Pine Jog was first owned by Henry M. Flagler who purchased the land shortly after 1893 and for several years the property was held by Flagler’s company, the Model Land Company. In March of 1929, the land, including Pine Jog, was offered for sale at the West Palm Beach Court House and control passed to the Lake Worth Drainage District in 1930. During this time and until 1946, the land was occupied by a few “squatters” and various farm plots were operated without regard to ownership. In addition, much of the land was open range used for grazing by semi-wild cattle. The cattlemen burned the property annually. The fires were intended to stimulate growth of tender forage for cattle and to eliminate competition from other plants. The annual fires, cattle, and farming plots impacted significantly on the natural vegetation of the property.
The Pine Jog property lies within a shallow drainage basin between the Loxahatchee Slough on the west and the Lake Osborne Basin to the east. Since the land lies between ridges on both sides, water originally flowed through the area as indicated by the remaining cypress trees. Early records indicate that Pine Jog was predominately wetland from the late 1800s to as late as 1940. Between 1929 and 1940, pine trees were harvested from the area and by 1934 there were few seedlings over one meter tall. Thus, the present pinewoods community at Pine Jog contains trees no older than perhaps 50 years. Drainage projects in South Florida began as early as 1870, and the first effective projects occurred in the early years of 1900. Before the Palm Beach Canal was finished in 1917, water was high enough in Lake Clarke that Seminole Indians canoed along the marsh edge to a trading post near what is now Dreher Park. Prior to drainage, Pine Jog consisted of three plant communities: wet prairie, marsh, and low hammock.
In 1946, Mr. and Mrs. Alfred Kay purchased the property from the Lake Worth Drainage District and called it Pine Jog Plantation, named after the pines that inhabited the land and the road that it bordered, Jog Road. The Kays grew flowers, fruits and vegetables. From 1960 to 1962, trails were cleared through the pinewoods and two main buildings, which housed classrooms, and offices were constructed.
In the beginning, Pine Jog operated under the sponsorship of the Florida Audubon Society until early in 1960, when Pine Jog was established as a conservation center and became affiliated with Florida Atlantic University. Within two short years by 1962, Pine Jog had established itself as a natural science education center of considerable excellence and reputation.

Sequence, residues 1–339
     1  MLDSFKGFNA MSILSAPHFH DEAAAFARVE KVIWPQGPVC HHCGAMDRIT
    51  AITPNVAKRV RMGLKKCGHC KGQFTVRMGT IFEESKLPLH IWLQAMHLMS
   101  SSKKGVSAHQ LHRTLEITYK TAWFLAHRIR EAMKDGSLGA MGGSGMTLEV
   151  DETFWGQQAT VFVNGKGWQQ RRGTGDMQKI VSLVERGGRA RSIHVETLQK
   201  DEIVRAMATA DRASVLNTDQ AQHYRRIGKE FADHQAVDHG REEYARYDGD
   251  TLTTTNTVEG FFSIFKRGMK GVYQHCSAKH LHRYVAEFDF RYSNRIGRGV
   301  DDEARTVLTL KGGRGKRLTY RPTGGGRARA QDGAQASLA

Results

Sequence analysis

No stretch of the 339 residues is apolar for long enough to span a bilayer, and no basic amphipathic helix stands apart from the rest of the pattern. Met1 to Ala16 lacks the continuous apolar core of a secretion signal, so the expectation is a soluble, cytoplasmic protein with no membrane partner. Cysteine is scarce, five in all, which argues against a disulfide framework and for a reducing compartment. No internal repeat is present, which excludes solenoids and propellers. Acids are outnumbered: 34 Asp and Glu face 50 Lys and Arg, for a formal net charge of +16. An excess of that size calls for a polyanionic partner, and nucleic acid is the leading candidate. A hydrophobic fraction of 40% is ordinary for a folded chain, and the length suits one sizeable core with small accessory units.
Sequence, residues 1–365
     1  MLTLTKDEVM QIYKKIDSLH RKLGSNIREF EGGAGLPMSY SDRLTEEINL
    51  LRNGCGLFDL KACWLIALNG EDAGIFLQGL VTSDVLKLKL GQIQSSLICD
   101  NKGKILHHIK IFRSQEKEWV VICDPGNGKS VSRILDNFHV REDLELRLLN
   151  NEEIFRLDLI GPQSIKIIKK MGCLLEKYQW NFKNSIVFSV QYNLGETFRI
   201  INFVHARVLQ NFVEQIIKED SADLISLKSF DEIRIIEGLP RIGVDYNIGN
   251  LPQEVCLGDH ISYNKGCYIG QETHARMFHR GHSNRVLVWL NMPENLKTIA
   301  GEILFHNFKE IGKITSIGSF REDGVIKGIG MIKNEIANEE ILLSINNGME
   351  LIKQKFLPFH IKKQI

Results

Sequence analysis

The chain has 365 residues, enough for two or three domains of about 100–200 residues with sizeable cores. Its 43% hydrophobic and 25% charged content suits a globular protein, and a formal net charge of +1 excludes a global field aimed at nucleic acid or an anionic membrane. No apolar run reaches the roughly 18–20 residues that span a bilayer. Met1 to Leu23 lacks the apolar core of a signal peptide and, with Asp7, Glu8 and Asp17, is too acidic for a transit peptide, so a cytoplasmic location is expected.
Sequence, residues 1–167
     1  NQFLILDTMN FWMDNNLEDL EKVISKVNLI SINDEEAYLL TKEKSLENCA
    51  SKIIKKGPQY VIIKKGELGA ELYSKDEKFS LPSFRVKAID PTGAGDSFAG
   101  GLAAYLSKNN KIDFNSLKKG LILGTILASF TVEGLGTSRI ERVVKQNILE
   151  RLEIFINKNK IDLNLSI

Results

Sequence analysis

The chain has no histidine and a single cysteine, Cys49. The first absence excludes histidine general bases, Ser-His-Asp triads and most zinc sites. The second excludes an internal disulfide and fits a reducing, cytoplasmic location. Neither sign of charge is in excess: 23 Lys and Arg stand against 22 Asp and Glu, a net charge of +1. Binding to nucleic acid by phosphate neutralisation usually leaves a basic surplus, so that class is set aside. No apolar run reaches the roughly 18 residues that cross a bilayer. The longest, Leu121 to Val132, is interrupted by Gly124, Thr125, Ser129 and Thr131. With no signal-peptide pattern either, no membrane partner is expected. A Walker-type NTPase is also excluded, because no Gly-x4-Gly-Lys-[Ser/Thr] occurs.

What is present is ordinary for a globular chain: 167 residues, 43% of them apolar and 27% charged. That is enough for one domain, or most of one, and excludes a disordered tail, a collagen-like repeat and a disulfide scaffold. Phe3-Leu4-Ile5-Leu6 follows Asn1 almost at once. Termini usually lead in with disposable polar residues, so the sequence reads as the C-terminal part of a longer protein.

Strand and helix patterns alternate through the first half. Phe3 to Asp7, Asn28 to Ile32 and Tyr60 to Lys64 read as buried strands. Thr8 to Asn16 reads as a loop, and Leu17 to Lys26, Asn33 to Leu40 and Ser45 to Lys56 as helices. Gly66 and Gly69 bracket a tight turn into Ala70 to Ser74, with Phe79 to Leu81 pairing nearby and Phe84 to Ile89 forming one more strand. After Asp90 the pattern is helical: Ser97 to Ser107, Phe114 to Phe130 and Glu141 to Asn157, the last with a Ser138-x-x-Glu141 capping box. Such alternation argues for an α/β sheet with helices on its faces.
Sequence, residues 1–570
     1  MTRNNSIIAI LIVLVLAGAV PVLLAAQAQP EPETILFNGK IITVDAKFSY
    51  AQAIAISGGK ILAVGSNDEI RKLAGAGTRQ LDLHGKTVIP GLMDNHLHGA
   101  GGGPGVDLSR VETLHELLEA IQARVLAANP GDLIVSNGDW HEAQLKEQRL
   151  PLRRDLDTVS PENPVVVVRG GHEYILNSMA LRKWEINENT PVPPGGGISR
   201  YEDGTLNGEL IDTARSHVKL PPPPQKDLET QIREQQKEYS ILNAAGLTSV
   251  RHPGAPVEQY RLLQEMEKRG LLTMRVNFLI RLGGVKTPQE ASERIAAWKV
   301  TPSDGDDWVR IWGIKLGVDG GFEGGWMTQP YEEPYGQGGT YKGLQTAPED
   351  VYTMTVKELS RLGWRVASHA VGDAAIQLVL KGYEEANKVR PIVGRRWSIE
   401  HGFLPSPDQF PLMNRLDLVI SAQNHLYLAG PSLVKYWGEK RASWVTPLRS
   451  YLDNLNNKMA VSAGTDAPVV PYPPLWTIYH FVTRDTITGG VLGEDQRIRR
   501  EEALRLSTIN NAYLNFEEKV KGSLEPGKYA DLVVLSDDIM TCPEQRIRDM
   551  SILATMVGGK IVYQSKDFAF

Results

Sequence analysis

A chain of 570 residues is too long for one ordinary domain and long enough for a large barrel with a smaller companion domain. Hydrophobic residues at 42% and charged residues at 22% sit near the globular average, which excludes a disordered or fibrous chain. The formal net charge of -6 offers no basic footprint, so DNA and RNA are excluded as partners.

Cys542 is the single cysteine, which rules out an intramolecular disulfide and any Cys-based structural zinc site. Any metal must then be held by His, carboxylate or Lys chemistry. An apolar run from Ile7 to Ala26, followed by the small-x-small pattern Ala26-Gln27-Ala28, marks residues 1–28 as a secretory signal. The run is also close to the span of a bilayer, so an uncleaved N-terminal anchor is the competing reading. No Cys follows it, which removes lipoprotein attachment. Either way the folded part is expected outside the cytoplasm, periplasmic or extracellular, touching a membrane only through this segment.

Between 1962 and 1970, Pine Jog continued to grow. A small auditorium was added to the original buildings and, in subsequent summers, a library was built as well as two additional offices. In 1965, Florida Atlantic University began to offer off-campus courses at Pine Jog and much practical assistance for the future.
In 1968, interested friends made possible the construction of a pond, authentic Seminole Indian chickee and boardwalk in the marsh. The pond was subsequently enlarged in 1975 when Pine Jog received the Founder’s Fund award from The Garden Club of America. The Garden Club of Palm Beach sponsored Pine Jog for this national award and continues to support Pine Jog today.
From the beginning, the philosophy of Pine Jog has been to nurture the ability of students to observe and to evaluate their relationship with the natural environment. Pine Jog is steeped with the inspiration, dedication and guidance of its founders and supporters. Pine Jog is an outstanding success story, not only because of its educational contributions to the community but primarily due to the efforts of many people who care and contributed time and money to the continued existence of a place, and the enduring philosophy of preservation, protection and promoting awareness of our natural environment. Let us all help to “…open windows…” for ourselves and succeeding generations.